Diagnosing Dehydration: What Would Osler Do?

November 3, 2009

Astrict definition of “dehydration” is a relative absence of water as manifested by hypernatremia. However, patients who are dehydrated are usually also volume-contracted; I prefer the latter term for a patient who has experienced vomiting, diarrhea, or decreased intake. Volume contraction denotes the need for replacement with saline equivalents, whereas dehydration indicates the need for water-and only possibly saline as well.

How is dehydration best diagnosed? I believe that if a patient has produced scant urine over 6 to 8 hours because of vomiting, diarrhea, or reduced intake-from any cause-then the patient is dehydrated and needs intravenous fluids. However, emergency physicians and hospitalists seem to think that dehydration can be diagnosed only on the basis of elevated blood urea nitrogen (BUN) and creatinine levels. Your thoughts?
-- Gary Freeman, MD
         Liverpool, NY

A strict definition of “dehydration” is a relative absence of water as manifested by hypernatremia. However, patients who are dehydrated are usually also volume-contracted; I prefer the latter term for a patient who has experienced vomiting, diarrhea, or decreased intake. Volume contraction denotes the need for replacement with saline equivalents, whereas dehydration indicates the need for water-and only possibly saline as well.

A clinician can definitely suspect volume contraction or dehydration on the basis of the history and physical findings before the results of laboratory tests, such as BUN and creatinine measurements, are available. Patients with suspected dehydration often have a history of vomiting, diarrhea, or decreased intake accompanied by volume-depleting medications (eg, diuretics).

A physical examination of such a patient may demonstrate any or all of the following:

•Tachycardia.
•Absence of jugular venous distention (JVD).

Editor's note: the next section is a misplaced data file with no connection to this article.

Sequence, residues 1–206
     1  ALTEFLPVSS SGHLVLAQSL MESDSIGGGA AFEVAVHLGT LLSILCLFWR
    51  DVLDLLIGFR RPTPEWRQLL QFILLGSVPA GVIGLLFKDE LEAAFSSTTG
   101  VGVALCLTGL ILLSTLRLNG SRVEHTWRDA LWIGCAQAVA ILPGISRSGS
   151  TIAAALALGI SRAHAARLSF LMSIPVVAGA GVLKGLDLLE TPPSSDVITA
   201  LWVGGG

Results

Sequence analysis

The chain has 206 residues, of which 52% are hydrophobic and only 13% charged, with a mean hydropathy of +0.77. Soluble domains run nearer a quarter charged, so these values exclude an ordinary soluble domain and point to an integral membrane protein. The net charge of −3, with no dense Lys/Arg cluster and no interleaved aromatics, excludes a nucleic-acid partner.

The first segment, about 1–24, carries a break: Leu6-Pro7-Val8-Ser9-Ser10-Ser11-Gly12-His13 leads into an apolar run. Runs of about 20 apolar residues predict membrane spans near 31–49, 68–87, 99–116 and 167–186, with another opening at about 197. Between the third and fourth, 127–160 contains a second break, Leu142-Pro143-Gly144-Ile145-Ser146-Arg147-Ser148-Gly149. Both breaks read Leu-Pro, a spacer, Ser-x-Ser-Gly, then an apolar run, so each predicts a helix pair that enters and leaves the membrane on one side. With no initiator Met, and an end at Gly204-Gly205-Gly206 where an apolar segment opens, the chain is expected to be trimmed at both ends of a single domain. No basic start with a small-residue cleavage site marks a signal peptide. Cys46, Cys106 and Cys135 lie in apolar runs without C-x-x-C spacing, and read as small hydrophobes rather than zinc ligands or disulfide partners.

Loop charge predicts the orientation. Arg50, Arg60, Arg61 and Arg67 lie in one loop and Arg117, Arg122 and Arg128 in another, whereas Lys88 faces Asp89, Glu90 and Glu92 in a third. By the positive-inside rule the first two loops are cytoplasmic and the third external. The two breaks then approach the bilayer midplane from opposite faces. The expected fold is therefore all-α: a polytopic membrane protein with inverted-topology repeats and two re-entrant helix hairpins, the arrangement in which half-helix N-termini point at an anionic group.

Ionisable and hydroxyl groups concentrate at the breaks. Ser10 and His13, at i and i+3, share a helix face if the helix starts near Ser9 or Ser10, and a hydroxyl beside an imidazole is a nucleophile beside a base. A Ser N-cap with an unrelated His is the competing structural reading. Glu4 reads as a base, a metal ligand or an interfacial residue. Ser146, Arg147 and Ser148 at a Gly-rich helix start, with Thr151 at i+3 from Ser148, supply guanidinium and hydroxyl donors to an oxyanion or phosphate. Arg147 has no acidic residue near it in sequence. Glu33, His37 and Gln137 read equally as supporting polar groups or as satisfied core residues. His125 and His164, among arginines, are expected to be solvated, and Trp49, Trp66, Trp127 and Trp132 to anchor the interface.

•Hypotension.
•Orthostatic changes in blood pressure and heart rate.

Unfortunately, other physical findings that are presumed to be “typical” in volume depletion-such as dry mucous membranes-lack specificity and are not reliable.

I sympathize with your frustration. What we are seeing is a generation that no longer relies on the physical findings for diagnosis but instead defers to laboratory and imaging results. Determinations of orthostatic changes are often not made. Careful evaluation for jugular pulsations is the exception rather than rule. In fact, nearly every contemporary examination is rubberstamped “RRR,” with “no JVD, murmurs, rubs, or gallops.” Because the patient’s posture is not varied during the examination, in most instances the jugular pulse is not appreciated at all. Distention is only absent to the eye of that examiner. It is no wonder that laboratory results are the default diagnostic bottom line.

For those who still carefully examine their patients, the inability to appreciate a jugular pulse in a supine patient is a more efficient way to diagnose volume depletion than waiting for BUN and creatinine levels. However, fewer and fewer clinicians will be able, or will even attempt, to elicit that finding.

William Osler would be very disappointed.

-- Gregory W. Rutecki, MD
        Professor of Medicine
        University of South Alabama College of Medicine
        Mobile

More . . .
Read Dr Henry Schneiderman's further caveats about relying on lab data to diagnose hypovolemia.